NVIDIA's ray tracing tech will soon run on older GTX cards

NVIDIA logoNVIDIA has announced that its ray-tracing tech, only available on its new RTX cards so far, is coming to its older GeForce GTX 10-series cards in April. The technology will work on GPUs from the GTX 1060 and up, albeit with some serious caveats. Some games like Battlefield V will run adequately at low settings, but other games, like the freshly released Metro Exodus, will run at just 18 fps at 1440p -- obviously an unplayable frame-rate.

What games you'll be able to play with ray-tracing tech (also known as DXR) on NVIDIA GTX cards depends entirely on how it's implemented. In Battlefield V, for instance, the tech is only used for things like reflections. On top of that, you can dial down the strength of the effect so that it consumes less computing horsepower.

Metro Exodus, on the other hand, uses ray tracing to create highly realistic "global illumination" effects, simulating lighting from the real world. It's the first game that really showed the potential of RTX cards and actually generated some excitement about the tech. However, because it's so computationally intensive, GTX cards (which don't have the RTX tensor cores) will be effectively be too slow to run it.

NVIDIA explained that when it was first developing the next-gen RTX tech, it found chips using Pascal tech would be "monster" sized and consume up to 650 watts. That's because the older cards lack both the RT and tensor cores found on the RTX cards. They get particularly stuck on ray-tracing, running up to four times slower than the RTX cards on Metro Exodus. However, that falls to two times for Shadow of the Tomb Raider, and 1.6 times for Battlefield V, because both of those games use ray tracing less. The latest GTX 1660 and 1660 Ti GPUs don't have RT or Tensor cores, but do share other architectural benefits with RTX cards -- namely the ability to run floating-point and integer calculations simultaneously -- will run ray-traced games moderately better than last-gen 10-series GPUs.

None of this was much of an issue up until now, because there were really no games other than Battlefield V that took advantage of ray tracing. However, NVIDIA also announced that Unity and Unreal Engine, the two most-used gaming engines, now support ray-tracing. That means that developers can implement the tech by essentially just flipping it on, making it likely you'll see it in more games soon.

NVIDIA also unveiled a new set of tools for those game engines called GameWorks RTX that will help developers implement ray-traced games. It includes the RTX Denoiser SDK that enables real-time ray-tracing through techniques that reduce the required ray count and number of samples per pixel. It will support ray-traced effects like area light shadows, glossy reflections, ambient occlusion and diffuse global illumination (the latter is used in Metro Exodus). Suffice to say, all of those things will make games look a lot prettier.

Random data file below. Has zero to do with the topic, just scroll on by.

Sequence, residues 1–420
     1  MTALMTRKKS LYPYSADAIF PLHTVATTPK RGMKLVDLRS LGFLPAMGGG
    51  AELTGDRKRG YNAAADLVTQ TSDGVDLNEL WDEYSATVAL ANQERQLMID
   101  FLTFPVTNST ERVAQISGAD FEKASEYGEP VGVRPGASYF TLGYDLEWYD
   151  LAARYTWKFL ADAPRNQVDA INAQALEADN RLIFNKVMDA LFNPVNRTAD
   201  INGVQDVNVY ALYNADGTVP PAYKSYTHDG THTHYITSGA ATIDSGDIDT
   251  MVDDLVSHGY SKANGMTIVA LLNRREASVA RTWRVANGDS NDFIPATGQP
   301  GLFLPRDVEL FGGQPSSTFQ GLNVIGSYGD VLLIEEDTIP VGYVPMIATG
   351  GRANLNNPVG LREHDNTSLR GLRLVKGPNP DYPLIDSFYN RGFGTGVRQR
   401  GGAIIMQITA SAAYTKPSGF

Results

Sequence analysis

Finally, the company unveiled a few more ray-traced games and experiences, including Nexon's Dragonhound (shown above), Quake II RTX and a brief demo of Remedy Entertainment's Control. NVIDIA will show off all of those games at GDC, so we'll try to get a closer look.

It's been a year since NVIDIA unveiled RTX GPUs, and the technology is off to a slow start, to say the least. Now that some games are arriving, NVIDIA is at least doing the right thing by unlocking the tech for buyers of older cards. Just keep your expectations low when NVIDIA releases RT drivers for GTX cards next month.

Source: Engadget

Tags: NVIDIA, videocards

Comments
Add comment

Your name:
Sign in with:
or
Your comment:


Enter code:

E-mail (not required)
E-mail will not be disclosed to the third party


Last news

 
Galaxy Note10 really is built around a 6.7-inch display
 
You may still be able to download your content
 
Facebook, Messenger and Instagram are all going away
 
Minimize apps to a floating, always-on-top bubble
 
Japan Display has been providing LCDs for the iPhone XR, the only LCD model in Apple’s 2018 line-up
 
The 2001 operating system has reached its lowest share level
 
The entire TSMC 5nm design infrastructure is available now from TSMC
 
The smartphone uses a Snapdragon 660 processor running Android 9 Pie
The Samsung Galaxy A5 (2017) Review
The evolution of the successful smartphone, now with a waterproof body and USB Type-C
February 7, 2017 / 1
Samsung Galaxy TabPro S - a tablet with the Windows-keyboard
The first Windows-tablet with the 12-inch display Super AMOLED
June 7, 2016 /
Keyboards for iOS
Ten iOS keyboards review
July 18, 2015 /
Samsung E1200 Mobile Phone Review
A cheap phone with a good screen
March 8, 2015 / 4
Creative Sound Blaster Z sound card review
Good sound for those who are not satisfied with the onboard solution
September 25, 2014 / 2
Samsung Galaxy Gear: Smartwatch at High Price
The first smartwatch from Samsung - almost a smartphone with a small body
December 19, 2013 /
 
 

News Archive

 
 
SuMoTuWeThFrSa
 123456
78910111213
14151617181920
21222324252627
28293031   




Poll

Do you use microSD card with your phone?
or leave your own version in comments (15)